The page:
Friday, 20 August 2010
Sharing the benefits of a 'Social Event'
It wasn’t that long ago that I was trying to convince a client of the benefits of Twitter. They claimed it wasn’t a relevant media for their industry but were open to being convinced. We had a further discussion about a major conference and asked whether it was using twitter and was hash tagged.
The client said it wasn’t – but after brining the conference webpage up, the first eye catching thing on the screen was “follow this conference on Twitter”.
Social media is gaining popularity in events but you need to understand why social media can help improve an event. Equally, you should not be frightened of using social media no matter how small your event is. You don’t have to be hosting the next major conference event to use social media.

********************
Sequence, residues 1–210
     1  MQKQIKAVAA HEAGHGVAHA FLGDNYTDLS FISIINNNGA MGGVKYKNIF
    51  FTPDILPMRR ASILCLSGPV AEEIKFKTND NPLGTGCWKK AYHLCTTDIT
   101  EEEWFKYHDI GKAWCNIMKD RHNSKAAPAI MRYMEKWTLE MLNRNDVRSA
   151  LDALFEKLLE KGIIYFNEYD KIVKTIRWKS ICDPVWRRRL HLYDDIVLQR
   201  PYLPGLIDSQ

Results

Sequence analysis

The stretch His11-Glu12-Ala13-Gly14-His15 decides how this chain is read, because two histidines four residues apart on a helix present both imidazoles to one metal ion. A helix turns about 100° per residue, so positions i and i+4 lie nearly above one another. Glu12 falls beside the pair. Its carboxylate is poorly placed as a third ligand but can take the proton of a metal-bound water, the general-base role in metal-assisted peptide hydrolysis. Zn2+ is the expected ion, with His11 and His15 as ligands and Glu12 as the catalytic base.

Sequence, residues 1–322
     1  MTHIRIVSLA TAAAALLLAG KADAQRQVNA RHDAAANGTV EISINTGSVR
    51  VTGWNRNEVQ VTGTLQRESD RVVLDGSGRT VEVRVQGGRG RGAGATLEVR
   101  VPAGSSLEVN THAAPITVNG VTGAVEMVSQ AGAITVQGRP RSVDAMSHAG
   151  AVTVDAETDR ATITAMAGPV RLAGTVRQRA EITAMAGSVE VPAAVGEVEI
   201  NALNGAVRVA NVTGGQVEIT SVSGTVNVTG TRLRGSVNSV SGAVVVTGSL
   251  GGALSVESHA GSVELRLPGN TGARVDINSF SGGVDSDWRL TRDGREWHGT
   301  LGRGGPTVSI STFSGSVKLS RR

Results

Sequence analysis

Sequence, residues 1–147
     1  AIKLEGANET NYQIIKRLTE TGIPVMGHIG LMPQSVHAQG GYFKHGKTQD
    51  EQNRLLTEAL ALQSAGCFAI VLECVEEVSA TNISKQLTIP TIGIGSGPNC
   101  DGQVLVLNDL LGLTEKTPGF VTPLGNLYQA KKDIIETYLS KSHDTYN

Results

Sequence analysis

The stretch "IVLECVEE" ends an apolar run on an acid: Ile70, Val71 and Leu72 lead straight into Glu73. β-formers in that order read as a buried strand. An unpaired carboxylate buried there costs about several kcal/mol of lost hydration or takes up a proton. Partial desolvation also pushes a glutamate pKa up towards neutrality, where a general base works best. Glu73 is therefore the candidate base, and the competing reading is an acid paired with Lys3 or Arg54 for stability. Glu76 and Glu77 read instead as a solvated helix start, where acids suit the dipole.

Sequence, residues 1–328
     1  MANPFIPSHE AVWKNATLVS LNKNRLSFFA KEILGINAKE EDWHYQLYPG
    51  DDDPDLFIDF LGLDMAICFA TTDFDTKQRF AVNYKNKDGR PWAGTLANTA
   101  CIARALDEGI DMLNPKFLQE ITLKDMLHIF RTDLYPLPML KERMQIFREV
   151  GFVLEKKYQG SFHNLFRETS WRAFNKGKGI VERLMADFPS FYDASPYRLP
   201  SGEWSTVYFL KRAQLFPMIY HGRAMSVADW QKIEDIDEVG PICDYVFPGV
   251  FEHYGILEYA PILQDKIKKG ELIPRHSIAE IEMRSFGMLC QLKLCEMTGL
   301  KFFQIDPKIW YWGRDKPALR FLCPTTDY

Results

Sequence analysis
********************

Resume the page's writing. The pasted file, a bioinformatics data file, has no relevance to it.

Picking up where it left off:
The benefit of using social media is to be able to hold a conversation without boundaries. This means you can have a simultaneous conversation with multiple people at the same time or have a discussion with one person thousands of miles away in real time. These conversations can be stored, returned to or discovered by people you would never normally be able to find. Integrating this principle is the first stage to making it work for you.
How else can you know whether your thoughts are similar to others or different? You couldn’t talk to 100 other people in this depth.
Equally, what is an event? My definition is when people come together to share ideas and discuss issues. This covers internal meetings, collaborative web-chats, networking events, festivals, conferences and much more. Also, how do you want to communicate?
• Informally to delegates
• Formally to inform delegates of the programme/etiquette
• To create discussion
• To ask for feedback
• To share information